Is it possible to stay friends with a former lover? Read on to find the answer

 

Supreeta Singh

This person knows all your secrets. You are comfortable together. You have shared almost everything. Unfortunately, things didn’t turn out as you expected. Once, you two were lovers. Now, your relationship is a matter of the past. But does that mean everything is over? Just because you are not lovers anymore, is the friendship that existed between you no longer important? Whether you had a tough breakup or a mutual separation, an ex-lover can become a great buddy once the initial discomfort settles down. Or perhaps not?

Priyanka Chakrabarti
| student: YES If you had a nasty break up, it becomes difficult to be friends with your ex. But as both move-on in life, I think it is possible that your ex might become your best friend because both of you know each other well. I have seen that a lot of times the best advice comes from your ex. So, try being a little more forgiving towards each other and forget all your differences. It will work wonders!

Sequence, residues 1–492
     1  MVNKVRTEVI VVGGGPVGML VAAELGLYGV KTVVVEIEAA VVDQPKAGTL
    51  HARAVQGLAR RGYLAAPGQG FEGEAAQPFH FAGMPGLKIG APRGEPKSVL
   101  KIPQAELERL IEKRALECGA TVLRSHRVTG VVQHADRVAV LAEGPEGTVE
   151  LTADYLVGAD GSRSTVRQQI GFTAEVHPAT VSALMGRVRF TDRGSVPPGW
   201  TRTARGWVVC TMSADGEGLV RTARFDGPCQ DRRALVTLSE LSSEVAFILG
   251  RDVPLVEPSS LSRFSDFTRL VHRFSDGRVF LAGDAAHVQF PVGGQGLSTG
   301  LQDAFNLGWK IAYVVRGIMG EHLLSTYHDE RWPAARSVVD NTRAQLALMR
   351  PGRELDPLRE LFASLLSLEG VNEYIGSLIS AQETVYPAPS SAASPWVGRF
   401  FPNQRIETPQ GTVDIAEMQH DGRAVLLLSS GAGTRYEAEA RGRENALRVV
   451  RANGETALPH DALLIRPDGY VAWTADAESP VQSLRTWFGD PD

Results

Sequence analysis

Soumya Rao | student: YES I believe that one can be friends with one’s ex, but the process is not an easy one, and will take a great deal of time and maturity on the part of both of them to settle the matter. First and foremost, you need time to be able to let go of the relationship and truly get over the person. You also have to be willing to realise that as friends, you will not have the same degree of influence or insight into the other person’s life. Most of all, if as a girlfriend /boyfriend you were used to a great deal of importance in the person’s life, you will have to have the maturity to accept that you will no longer have the same and should also be able to see your ex move on.